Connect with us

Types of Businesses to Start

8 Ways to Come Up With a Business Idea

The start of the year is a great time to gear up to start a business. But, of course, you first need to figure out a winning concept.

Jane Porter

Published

on

brainstorming

“You have to come up with a lot of ideas to be successful,” says Stephen Key, co-founder of the website inventright.com based in Nevada, and author of One Simple Idea for Startups and Entrepreneurs: Live Your Dreams and Create Your Own Profitable Company, (McGraw-Hill, 2012).

Key, who has licensed more than 20 products in the last 25 years, says he generates ideas by finding different ways to engage his mind, from walking the aisles of stores to brainstorming about holes in the marketplace.

Here are eight techniques from Key and other experts that could help get your creative juices flowing:

Ask yourself, “What’s next?”

Successful business ideas are often ahead of the curve. Think about trends and technologies on the horizon and how you might move into those areas, says Sergio Monsalve, partner at Norwest Venture Partners, a California-based venture capital group.

He suggests, for example, thinking about innovations related to the living room and home entertainment systems now that companies like Apple are developing new television technologies. “What can that mean in terms of new ways to live in your house and be entertained?” he says.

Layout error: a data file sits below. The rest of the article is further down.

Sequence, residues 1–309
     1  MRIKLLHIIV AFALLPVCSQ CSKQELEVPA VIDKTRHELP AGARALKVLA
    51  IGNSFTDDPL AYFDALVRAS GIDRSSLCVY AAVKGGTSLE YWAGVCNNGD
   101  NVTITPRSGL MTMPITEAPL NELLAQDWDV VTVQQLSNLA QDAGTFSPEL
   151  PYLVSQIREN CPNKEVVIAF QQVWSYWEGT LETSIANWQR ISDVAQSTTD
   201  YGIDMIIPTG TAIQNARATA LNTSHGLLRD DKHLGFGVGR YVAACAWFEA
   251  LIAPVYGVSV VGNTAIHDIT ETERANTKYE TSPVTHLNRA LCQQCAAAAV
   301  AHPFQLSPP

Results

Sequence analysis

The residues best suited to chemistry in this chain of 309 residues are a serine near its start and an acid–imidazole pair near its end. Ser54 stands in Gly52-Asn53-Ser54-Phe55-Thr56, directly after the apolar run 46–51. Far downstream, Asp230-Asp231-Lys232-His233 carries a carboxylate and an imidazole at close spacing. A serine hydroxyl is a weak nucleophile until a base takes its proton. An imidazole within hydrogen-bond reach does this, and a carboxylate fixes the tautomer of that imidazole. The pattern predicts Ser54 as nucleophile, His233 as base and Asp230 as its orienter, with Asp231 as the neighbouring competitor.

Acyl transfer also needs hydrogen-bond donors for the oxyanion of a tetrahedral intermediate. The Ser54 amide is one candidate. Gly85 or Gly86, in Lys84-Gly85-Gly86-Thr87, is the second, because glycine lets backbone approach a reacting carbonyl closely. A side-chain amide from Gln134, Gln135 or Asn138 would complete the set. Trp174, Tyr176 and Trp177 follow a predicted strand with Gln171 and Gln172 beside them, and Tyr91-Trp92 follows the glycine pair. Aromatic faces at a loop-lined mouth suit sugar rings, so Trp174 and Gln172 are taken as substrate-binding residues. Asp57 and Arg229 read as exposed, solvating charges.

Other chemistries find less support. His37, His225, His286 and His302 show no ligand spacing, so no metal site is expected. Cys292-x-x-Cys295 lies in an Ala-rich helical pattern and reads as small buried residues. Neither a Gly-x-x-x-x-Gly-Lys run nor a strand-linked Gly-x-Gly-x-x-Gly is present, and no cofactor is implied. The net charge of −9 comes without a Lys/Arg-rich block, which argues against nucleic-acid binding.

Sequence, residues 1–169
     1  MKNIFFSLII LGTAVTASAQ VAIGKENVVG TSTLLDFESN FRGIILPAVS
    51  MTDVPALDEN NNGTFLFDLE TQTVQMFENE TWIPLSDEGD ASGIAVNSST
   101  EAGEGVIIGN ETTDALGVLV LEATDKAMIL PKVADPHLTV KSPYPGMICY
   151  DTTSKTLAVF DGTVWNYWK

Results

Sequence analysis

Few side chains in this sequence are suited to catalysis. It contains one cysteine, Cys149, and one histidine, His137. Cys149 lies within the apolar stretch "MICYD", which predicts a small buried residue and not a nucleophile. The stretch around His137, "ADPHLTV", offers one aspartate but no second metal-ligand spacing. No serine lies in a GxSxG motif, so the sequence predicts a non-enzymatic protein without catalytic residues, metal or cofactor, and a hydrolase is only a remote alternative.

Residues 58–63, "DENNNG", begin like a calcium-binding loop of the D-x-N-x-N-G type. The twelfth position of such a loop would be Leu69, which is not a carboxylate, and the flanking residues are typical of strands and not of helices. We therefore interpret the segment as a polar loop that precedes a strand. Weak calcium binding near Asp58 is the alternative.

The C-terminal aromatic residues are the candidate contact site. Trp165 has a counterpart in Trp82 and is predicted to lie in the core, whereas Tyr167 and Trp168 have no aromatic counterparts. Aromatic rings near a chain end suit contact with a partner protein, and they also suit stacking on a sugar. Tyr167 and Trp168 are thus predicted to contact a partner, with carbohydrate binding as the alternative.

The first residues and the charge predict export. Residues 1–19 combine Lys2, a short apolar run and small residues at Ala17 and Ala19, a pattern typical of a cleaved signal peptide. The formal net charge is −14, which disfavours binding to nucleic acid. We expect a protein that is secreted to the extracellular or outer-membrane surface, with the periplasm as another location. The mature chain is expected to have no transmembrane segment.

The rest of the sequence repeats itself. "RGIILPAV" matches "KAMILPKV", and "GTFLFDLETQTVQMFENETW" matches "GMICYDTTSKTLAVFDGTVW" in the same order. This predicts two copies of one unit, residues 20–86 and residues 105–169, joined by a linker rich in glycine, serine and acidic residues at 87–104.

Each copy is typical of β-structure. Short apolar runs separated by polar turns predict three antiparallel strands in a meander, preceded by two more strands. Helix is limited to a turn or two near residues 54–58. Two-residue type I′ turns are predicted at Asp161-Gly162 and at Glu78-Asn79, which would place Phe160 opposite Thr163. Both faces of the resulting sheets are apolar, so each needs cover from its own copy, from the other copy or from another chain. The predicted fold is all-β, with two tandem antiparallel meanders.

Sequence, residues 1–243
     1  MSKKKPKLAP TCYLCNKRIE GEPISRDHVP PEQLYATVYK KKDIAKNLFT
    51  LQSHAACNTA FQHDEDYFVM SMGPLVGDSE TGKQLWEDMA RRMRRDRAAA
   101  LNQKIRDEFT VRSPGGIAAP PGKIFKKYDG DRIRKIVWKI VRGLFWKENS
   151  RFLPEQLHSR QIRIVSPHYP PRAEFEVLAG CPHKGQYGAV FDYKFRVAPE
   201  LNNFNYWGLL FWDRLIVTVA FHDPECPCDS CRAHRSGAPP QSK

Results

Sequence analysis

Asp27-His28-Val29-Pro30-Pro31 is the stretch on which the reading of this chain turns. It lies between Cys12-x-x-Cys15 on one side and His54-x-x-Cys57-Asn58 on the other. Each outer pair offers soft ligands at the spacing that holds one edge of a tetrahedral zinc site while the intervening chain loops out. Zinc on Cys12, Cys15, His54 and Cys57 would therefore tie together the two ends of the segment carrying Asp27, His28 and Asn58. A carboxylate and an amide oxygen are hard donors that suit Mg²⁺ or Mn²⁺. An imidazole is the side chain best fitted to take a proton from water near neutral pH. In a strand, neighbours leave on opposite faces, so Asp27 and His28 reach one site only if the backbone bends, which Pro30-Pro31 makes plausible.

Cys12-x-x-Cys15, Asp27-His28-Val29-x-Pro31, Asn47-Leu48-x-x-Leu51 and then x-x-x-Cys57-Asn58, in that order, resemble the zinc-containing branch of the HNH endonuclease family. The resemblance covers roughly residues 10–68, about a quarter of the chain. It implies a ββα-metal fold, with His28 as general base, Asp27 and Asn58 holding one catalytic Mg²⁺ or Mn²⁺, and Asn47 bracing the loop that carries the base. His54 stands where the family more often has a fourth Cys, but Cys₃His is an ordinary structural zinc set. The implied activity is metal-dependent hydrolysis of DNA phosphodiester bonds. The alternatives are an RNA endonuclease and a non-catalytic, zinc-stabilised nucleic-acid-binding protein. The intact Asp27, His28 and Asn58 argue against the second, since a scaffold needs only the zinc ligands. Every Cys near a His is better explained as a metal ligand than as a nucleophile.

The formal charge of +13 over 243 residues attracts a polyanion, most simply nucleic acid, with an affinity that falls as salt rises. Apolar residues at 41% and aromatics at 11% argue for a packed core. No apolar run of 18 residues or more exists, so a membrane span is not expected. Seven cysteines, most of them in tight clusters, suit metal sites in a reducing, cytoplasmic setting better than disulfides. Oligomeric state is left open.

Related: Which Business Should I Start?

Do something about what bugs you.

When Colin Barceloux was in college, he thought textbooks cost far too much. In 2007, two years after graduating, he decided to take action and founded Bookrenter.com, a California based business that offers textbook rentals at about a 60% discount.

What began as a one-man operation created out of frustration now has 1.5 million users and 200 employees. “You just have to look at what frustrates you,” he says. “There’s your business idea right there.”

Look for new niches.

Your business idea doesn’t have to reinvent the wheel. Take a look at what some of the big players in an industry are missing and figure out if you can fill the gaps, Key says.